A mass walkout at a Silver Spring, Md., high school on Monday to protest Donald Trump’s presidential election victory began when a group of students decided to take to the streets rather than remain on campus for a school-sanctioned demonstration.
“More than 100 students from Montgomery Blair High School, in Silver Spring, walked out in a planned protest at about 10 a.m.,” Washington, D.C. newsradio station WTOP reported on its website Monday. “Montgomery County school officials said Montgomery Blair High approved a plan allowing students to protest on the football field on school grounds.”
“After an hour in the stadium, students decided to leave campus with the objective of receiving more media attention,” reported Montgomery Blair’s student-run newspaper Silver Chips.
“I just feel like if we’re in the stadium no one’s gonna see our protest. We gotta get out and show everyone what we’re doing. I feel like the protest should stay peaceful,” sophomore Ariana Brenig told the student paper, who reportedly was wearing a T-shirt reading “Rapists go to the big house not the White House.”
“Spoke w/some students from Montgomery Blair - they say they’re not protesting against democracy, but in solidarity w/immigrants, Muslims etc,” tweeted Carmel Delshad, a news producer for WAMU radio, an NPR affiliate.
Students from other area high schools similarly walked out of their respective school campuses, and the various groups converged at an area shopping mall before resuming their march to Veterans Plaza in downtown Silver Spring, a large pavilion often used for concerts in the summer months and the location of a popular skating rink in the winter.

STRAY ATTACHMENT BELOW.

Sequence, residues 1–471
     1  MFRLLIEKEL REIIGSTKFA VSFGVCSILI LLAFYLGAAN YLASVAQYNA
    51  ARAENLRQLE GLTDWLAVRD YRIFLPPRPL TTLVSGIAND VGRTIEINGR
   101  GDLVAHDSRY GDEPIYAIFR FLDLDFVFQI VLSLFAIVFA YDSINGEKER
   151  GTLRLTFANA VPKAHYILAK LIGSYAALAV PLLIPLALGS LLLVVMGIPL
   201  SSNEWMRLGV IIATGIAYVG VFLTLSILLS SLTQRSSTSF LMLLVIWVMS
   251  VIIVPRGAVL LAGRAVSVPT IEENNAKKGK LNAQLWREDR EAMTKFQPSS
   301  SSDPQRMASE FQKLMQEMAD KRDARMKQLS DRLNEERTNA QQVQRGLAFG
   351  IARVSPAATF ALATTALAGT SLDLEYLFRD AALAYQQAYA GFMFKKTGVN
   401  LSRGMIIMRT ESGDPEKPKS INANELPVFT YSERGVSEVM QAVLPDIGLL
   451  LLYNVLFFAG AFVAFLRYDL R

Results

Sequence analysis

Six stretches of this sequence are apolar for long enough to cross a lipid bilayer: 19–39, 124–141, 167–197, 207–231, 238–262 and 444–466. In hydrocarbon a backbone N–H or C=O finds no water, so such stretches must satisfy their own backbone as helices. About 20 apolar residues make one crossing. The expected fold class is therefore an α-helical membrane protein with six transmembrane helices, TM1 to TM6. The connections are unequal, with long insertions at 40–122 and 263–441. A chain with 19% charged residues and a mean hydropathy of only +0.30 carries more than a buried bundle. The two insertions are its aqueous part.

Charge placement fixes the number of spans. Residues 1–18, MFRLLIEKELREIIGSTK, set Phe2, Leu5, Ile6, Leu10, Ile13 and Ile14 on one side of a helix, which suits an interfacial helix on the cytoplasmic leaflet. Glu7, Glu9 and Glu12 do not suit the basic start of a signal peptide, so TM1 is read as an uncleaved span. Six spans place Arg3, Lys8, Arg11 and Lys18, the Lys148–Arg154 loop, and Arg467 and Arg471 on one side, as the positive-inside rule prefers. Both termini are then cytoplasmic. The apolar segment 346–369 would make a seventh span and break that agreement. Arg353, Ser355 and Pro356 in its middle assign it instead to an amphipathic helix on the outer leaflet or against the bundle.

Local police ensured the students were able to march safely, but it’s unclear what if any disciplinary action students participating in the walkouts will receive.
“Police officials said they would not be arresting or charging the students and would let the school system handle any discipline,” reported NBC Washington.
“Per @blairprincipal, students who left campus will face disciplinary consequences,” reported the official Twitter account for the student-run Blair Network Communications.
For her part, however, Montgomery Blair Principal Renay Johnson has not personally tweeted about the walkout or its possible disciplinary consequences. Similarly there is no such pronouncement from the school’s website or official Facebook page.
In reliably blue Maryland, Montgomery County is among the state’s most stalwart Democratic bastions, and at least two local politician have taken to praising the students for their walkout.
“Proud of our #MontgomeryBlair students standing up for our MoCo values: tolerance, diversity, compassion #MBHSmarch,” tweeted Montgomery County Councilman Tom Hucker, a Democrat.
“I’m on Capitol Hill but in solidarity w/ @MCPS students peacefully protesting against hate crimes in our community,” tweeted Jamie Raskin, a Democrat, who was elected to the U.S. House of Representatives on Tuesday.
• Ken Shepherd can be reached at firstname.lastname@example.org.
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